The castle is the ultimate bureaucracy with copious paperwork that the bureaucracy maintains is "flawless". This flawlessness is of course a lie; it is a flaw in the paperwork that has brought K. to the village. There are other failures of the system which are occasionally referred to. K. witnesses a flagrant misprocessing after his nighttime interrogation by Erlanger as a servant destroys paperwork when he cannot determine who the recipient should be.
The castle's occupants appear to be all adult men and there is little reference to the castle other than to its bureaucratic functions. The two notable instances are the reference to a fire brigade and that Otto Brunswick's wife is self declared as from the castle. The latter builds the importance of Hans (Otto's son) in K's eyes, as a way to gain access to the castle officials.
The functions of the officials are never mentioned. The officials that are discussed have one or more secretaries that do their work in their village. Although the officials come to the village they do not interact with the villagers unless they need female companionship, implied to be sexual.
Review: The Castle is about alienation, bureaucracy, and the seemingly endless frustrations of man's attempts to stand against the system.. One interpretation of K.'s struggle to contact the castle is that it represents a man's
search for salvation. According to Mark Harman, translator of a recent edition of The Castle, this was the interpretation favored by the original translators Harman feels he has removed the bias in the translations toward this view, but many still feel this is the point of the book. Fueling the biblical interpretations of the novel are the various names and situations. For example, the official Galater (the German word for Galatians), one of the initial regions to develop a strong Christian following from the work of Apostle Paul and his assistant Barnabas. The name of the messenger, Barnabas, for the same reason.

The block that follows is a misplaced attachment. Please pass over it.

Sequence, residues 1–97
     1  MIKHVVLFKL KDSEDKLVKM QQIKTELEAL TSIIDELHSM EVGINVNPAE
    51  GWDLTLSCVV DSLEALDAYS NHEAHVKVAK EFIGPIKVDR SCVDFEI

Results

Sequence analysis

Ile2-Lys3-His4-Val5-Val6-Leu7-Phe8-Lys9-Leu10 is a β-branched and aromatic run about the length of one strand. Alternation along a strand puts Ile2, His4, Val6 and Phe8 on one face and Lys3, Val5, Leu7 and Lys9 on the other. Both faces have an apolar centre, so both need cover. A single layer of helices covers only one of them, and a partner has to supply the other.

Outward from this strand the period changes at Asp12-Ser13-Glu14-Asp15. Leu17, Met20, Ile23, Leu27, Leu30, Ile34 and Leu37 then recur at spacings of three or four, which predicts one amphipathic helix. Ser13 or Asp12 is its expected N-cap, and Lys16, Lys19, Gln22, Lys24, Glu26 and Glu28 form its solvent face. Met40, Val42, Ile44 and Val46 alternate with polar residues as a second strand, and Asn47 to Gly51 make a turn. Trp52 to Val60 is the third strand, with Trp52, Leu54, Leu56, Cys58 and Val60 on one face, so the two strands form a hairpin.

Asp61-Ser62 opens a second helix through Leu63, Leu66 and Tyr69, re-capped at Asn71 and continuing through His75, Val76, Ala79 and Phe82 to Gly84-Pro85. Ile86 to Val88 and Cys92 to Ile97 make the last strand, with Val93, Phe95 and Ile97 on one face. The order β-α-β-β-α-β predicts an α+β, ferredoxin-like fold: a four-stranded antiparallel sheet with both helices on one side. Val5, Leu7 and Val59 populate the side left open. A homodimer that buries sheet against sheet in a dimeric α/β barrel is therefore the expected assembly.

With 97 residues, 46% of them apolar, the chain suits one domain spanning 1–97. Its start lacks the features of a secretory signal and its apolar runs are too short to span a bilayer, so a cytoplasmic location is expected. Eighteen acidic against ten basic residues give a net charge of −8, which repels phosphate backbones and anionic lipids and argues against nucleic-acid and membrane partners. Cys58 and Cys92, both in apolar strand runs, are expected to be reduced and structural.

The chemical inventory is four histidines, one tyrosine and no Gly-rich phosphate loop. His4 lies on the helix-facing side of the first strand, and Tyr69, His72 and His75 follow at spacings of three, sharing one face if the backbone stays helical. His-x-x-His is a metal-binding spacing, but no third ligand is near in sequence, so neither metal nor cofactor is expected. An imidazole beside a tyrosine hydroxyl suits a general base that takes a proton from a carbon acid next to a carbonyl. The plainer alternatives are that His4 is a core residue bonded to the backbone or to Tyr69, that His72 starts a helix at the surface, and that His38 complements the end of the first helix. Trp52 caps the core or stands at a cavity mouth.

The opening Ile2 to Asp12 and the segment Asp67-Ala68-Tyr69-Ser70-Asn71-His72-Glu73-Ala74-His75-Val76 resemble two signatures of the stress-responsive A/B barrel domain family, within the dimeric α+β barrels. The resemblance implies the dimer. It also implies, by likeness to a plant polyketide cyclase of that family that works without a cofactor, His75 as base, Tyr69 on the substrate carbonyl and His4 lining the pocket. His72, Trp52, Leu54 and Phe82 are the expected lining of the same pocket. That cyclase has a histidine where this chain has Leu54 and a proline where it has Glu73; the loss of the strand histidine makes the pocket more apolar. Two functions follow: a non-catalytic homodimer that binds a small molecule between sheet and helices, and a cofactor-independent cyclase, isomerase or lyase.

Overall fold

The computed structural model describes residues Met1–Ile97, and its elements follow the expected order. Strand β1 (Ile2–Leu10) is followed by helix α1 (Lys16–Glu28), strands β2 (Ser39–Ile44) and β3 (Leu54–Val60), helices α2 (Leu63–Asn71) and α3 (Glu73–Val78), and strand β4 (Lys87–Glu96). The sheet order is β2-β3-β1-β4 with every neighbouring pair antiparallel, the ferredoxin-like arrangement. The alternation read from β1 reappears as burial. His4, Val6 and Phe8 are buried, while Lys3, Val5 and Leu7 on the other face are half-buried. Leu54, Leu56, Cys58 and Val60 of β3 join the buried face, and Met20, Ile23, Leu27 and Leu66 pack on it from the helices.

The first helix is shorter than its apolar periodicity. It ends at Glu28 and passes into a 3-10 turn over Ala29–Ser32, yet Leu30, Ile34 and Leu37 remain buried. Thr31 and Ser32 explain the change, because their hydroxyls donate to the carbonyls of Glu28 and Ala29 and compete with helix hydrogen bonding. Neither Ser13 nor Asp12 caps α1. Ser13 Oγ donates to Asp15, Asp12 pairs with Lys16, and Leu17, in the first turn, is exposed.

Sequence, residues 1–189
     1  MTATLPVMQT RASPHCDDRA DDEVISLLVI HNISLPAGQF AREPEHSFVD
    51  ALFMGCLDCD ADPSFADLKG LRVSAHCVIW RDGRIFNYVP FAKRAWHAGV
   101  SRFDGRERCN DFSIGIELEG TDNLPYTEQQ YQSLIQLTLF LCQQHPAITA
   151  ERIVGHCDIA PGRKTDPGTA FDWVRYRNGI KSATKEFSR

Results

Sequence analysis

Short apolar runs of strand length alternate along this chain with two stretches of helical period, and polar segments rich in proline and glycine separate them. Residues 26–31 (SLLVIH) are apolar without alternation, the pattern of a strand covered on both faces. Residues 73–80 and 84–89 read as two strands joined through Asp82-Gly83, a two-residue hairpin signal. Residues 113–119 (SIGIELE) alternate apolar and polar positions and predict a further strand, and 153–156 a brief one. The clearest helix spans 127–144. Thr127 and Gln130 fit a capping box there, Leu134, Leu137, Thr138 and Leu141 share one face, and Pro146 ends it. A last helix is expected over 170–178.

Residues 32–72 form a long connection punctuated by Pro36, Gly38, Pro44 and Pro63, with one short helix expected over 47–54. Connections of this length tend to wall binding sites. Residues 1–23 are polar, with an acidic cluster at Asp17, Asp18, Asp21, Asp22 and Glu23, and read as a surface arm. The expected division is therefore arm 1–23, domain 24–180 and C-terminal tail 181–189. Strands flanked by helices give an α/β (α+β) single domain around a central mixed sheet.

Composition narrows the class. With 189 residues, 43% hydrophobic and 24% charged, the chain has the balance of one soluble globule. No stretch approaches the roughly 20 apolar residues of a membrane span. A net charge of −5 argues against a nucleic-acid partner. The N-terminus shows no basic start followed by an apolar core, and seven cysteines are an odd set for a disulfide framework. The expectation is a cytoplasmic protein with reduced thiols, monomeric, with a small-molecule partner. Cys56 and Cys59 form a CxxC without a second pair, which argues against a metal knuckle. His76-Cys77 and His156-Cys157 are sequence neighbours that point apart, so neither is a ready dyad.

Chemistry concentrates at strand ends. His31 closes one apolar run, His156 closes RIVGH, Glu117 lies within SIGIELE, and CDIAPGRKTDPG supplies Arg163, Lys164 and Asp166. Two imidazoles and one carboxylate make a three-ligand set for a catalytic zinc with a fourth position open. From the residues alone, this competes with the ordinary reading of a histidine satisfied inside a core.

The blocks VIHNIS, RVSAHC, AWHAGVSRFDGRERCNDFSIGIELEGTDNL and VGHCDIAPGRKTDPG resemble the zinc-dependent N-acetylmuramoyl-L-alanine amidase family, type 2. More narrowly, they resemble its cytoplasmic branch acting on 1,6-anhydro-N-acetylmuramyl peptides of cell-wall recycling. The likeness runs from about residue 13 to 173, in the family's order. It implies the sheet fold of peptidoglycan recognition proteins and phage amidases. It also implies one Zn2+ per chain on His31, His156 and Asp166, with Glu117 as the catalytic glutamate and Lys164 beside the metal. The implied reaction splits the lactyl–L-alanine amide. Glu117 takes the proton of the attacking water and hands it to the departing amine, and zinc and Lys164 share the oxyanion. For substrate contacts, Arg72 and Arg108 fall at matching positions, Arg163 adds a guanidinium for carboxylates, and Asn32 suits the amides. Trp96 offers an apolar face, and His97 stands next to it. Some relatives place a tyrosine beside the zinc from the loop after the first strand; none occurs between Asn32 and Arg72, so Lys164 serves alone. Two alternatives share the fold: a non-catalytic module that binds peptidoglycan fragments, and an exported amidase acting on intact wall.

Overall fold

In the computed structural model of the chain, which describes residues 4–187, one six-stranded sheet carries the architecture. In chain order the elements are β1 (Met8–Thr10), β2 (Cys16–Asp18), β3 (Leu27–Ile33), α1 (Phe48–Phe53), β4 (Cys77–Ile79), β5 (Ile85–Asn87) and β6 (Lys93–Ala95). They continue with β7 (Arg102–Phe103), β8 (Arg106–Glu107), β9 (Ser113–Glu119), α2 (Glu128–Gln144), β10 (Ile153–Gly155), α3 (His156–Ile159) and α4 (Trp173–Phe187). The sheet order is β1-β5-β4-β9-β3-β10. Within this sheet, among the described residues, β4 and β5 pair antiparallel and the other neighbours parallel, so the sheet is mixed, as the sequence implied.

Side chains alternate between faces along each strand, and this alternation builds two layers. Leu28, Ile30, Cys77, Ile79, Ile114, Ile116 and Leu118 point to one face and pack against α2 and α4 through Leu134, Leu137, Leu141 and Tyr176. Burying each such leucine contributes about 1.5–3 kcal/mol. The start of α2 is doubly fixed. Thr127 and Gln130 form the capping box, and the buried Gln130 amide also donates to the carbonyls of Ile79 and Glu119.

In The Castle, one of Kafka's last works, the setting is a village dominated by a castle. Time seems to have stopped in this wintry landscape, and nearly all the scenes occur in the dark. K. arrives at the village claiming to be a land surveyor appointed by the castle authorities. His claim is rejected by the village officials, and the novel recounts K.'s efforts to gain recognition from an authority that is as elusive as Joseph K.'s courts. But K. is not a victim; he is an aggressor, challenging both the petty, arrogant officials and the villagers who accept their authority. All of his stratagems fail. Like Joseph K., he makes love to a servant, the barmaid Frieda, but she leaves him when she discovers that he is simply using her. Brod observes that Kafka intended that K. should die exhausted by his efforts, but that on his deathbed he was to receive a permit to stay. There are new elements in this novel; it is tragic, not desolate. While the majority of Kafka's characters are mere functions, Frieda is a resolute person, calm and matter-of-fact. K. gains through her personality some insight into a possible solution of his quest, and when he speaks of her with affection, he seems himself to be breaking through his sense of isolation.
Opening Line: "It was late evening when K. arrived."
Closing Line: "It was difficult to understand her, but what she said..."
Quotes: "To be precise, one is desperate. To be more precise, one is very happy."
Rating: Difficult.